swiftly come closer, they sound like several infuriated
lions roaring with full voice. The noise rolls over and
over like tremendous thunder until it is unbelievably
huge. Suddenly the roaring will cease, and will be
followed by two deep sounds-" Wough-Wough."
As I lay warm in bed listening to them I sometimes
tried to create a mind-picture of the creature that
should own such a voice; it seemed to belong to the
far-away Dark Ages : it might have suited an infuriated
mob of Neanderthal men. Since leaving Bartica I had
seen few fire-flies, but that night, probably owing to its
being a fine night after evening rain, the whole forest,
as far as one could see, was lit up by millions of
little flashing lights, which are unromantically called
" candle-bugs by the pork-knockers.
At this mainland camp we saw the first of many
graves that are scattered along the river-side-a
pathetic, nameless mound, looking very small under the
tall trees, and marked only by a little cross of unhewn
wood. Later at a camp farther up we saw one that had
the dead man's mug at the head to mark it, and then

three more together, carelessly made, for although the
river was quite low one of them was partly under
water. To bury bodies in the soft sand is forbidden,
but the men do it to avoid the harder work of digging
through the hard earth that is always entangled with
tough tree roots.
The thought of lying for ever buried in the profound
tenebrous jungle made me shiver; and yet I would
rather that than some overcrowded cemetery, which
has always seemed to me a kind of after-life subway,
with all the dull people one sees in trains and buses for
neighbours. Pork-knockers quite enjoy a funeral in
the bush ; they love saying long prayers, and find great
sentimental enjoyment in singing the dead hymn,"
as they call their dirge. Later on, in the Kurupung,
I heard the sad, beautiful harmonies as they glided
through the trees to my camp; Leonora, who was with
me, heard them too, and, overcome with superstitious
misgivings, was for days after terrified of being left
alone for fear that that dead man's ghost would visit
her. But the mournful pleasure of a burial service
is sometimes foregone. On the river a crew may
suddenly meet the remains of a dark body floating
towards the boat. All pretend not to see it, for by
law all drowned bodies seen in the river must be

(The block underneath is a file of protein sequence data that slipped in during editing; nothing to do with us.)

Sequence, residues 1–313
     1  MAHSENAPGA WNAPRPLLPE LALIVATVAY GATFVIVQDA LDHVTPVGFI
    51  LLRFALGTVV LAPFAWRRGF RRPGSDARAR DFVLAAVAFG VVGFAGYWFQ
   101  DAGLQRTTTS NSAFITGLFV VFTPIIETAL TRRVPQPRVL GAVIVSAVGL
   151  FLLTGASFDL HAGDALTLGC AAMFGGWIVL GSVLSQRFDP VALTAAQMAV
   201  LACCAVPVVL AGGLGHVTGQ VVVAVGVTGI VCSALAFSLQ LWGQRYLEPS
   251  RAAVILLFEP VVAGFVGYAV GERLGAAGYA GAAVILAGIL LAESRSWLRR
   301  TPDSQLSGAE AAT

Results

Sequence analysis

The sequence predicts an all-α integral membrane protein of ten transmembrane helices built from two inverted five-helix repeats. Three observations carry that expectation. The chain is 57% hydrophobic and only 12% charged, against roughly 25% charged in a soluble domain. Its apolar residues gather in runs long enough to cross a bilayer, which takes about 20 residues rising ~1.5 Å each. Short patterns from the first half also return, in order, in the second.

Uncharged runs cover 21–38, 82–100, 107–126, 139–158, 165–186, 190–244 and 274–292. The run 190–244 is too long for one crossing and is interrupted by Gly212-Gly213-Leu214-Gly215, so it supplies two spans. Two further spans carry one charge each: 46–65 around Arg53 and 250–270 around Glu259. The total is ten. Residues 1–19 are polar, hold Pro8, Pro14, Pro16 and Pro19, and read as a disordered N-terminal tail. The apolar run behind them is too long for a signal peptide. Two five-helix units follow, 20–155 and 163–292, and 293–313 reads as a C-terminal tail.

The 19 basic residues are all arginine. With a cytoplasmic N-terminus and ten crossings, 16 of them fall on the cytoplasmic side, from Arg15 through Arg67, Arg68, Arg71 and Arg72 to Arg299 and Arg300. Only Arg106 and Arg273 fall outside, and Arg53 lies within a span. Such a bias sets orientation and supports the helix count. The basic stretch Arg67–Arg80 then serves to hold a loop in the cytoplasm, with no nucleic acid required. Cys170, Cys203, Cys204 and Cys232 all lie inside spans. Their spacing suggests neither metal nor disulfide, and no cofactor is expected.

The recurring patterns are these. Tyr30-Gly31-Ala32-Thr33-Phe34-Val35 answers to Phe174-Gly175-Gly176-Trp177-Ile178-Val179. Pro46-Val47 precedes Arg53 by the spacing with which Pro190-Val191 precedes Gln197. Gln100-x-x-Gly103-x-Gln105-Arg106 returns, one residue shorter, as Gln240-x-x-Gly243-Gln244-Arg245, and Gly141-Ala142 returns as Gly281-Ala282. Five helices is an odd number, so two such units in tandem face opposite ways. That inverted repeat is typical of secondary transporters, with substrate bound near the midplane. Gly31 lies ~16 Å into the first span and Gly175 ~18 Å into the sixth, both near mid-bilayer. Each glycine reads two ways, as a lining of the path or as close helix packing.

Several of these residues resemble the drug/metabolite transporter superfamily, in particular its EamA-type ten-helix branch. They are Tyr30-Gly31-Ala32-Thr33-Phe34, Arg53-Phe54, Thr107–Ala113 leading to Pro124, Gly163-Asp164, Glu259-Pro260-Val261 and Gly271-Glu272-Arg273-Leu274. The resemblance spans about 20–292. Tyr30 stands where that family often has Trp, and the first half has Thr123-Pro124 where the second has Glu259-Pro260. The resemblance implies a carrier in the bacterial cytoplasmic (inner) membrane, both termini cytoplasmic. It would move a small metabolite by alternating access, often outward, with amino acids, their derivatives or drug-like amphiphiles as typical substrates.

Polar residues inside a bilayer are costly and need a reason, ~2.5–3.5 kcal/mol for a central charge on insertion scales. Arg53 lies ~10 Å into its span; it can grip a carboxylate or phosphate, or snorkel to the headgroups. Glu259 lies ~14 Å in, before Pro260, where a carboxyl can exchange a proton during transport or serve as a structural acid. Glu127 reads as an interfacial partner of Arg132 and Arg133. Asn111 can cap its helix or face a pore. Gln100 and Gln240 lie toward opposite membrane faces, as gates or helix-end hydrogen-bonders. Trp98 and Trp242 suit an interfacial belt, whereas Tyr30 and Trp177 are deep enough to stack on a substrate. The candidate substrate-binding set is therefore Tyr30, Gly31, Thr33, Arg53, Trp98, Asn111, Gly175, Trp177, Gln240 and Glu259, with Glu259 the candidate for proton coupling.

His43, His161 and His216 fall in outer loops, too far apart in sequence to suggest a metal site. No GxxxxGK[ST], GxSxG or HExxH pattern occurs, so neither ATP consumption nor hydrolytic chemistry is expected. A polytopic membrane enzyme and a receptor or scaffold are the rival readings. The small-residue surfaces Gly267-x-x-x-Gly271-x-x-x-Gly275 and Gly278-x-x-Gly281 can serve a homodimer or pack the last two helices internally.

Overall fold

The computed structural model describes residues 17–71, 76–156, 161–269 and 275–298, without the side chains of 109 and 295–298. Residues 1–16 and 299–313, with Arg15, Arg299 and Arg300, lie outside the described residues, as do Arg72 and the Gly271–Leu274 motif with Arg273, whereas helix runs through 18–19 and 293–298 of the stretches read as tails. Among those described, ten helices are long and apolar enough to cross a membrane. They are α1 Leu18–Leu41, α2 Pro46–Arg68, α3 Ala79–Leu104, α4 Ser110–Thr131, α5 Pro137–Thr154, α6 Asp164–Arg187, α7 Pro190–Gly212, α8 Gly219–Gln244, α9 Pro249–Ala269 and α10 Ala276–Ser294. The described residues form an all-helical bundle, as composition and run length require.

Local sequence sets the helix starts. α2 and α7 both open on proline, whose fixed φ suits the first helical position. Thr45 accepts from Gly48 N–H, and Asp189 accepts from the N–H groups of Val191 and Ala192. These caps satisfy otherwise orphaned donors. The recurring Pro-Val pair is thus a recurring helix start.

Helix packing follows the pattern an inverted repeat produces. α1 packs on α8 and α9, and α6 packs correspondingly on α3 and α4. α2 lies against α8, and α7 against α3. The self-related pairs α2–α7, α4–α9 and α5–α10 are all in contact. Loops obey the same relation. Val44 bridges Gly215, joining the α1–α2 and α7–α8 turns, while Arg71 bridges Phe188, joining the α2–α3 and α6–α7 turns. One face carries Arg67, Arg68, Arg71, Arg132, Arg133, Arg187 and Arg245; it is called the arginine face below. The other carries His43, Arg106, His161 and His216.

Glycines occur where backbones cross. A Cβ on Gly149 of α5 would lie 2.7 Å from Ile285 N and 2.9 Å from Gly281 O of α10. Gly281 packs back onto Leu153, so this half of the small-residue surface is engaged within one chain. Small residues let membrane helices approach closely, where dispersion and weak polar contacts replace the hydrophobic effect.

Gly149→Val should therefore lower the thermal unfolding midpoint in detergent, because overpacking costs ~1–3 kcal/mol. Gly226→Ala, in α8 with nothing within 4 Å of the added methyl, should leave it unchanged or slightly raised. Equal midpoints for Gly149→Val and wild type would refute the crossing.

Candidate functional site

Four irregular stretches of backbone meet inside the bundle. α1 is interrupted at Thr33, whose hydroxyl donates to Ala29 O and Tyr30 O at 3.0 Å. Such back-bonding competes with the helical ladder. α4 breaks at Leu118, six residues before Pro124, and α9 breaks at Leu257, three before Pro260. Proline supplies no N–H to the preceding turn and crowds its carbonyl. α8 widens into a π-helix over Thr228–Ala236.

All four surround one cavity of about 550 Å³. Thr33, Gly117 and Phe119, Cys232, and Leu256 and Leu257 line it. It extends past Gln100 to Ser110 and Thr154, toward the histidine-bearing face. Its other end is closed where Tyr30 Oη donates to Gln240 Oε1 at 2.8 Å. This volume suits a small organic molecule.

Next day-the eighth day of the journey-we
passed through Topeku Falls with no more than the
usual difficulties. We made breakfast camp early to
gather our strength for the crossing of Mary Falls.
The men have a catch-phrase that is always considered

by them a bon mot. If it rains they'll say, Rain in
name and rain in nature." Topeku is "Topeku in
name and Topeku in nature." Mary" is a gentle,
peaceful name, so I can say of these falls, Mary in
name, but not Mary in nature," and it really means
something. Right in the midst of this wild, mad
mixture of swirls and currents, submerged rocks and
whirlpools, the Indiana grounded with tremendous
force, and its timbers shivered. It hung at a horrid
angle; the current was sending it over still more, and
the water was already up to its gunwale. I began to
look round for a likely rock to leap to when little
Solomon, the man with gorilla muscles, jumped into the
raging water, and, taking the whole boat on his square
shoulders, heaved it afloat again.
After Mary Falls came still waters broken only by
smaller rapids, dangerous in themselves, but tame
compared with Popekai and Mary. Then we camped
and prepared ourselves for facing, next day, Pybakash
and Kaburi Falls, which together have cost more loss
of life than any other falls in the river.
Early next morning we made the dangerous crossing
below Pybakash called Sapira to the lower end of
Pybakash itabu. Here the boat had to be unloaded
and everything droghed across the island. The boat
was then hauled empty up the itabu.
It was a cloudy day, with many showers, and we
had an anxious time droghing the flour and rice across
the island during the short dry intervals, for if the rice
gets damp it quickly becomes uneatable.
In about four hours the empty boat rounded the

corer. The men were working furiously to get it up
the wild itabu that rushed and foamed over its rocky,
irregular bed. Some of them worked at each side,
practically lifting the boat in places, while others were
on the bow and stern braces. The captain, stripped
to the waist, stood in the stern waving his arms and
wildly shouting instructions. There was a final drop
of five feet, over which it was very difficult to drag the
boat, and until Major Blake lent his assistance it seemed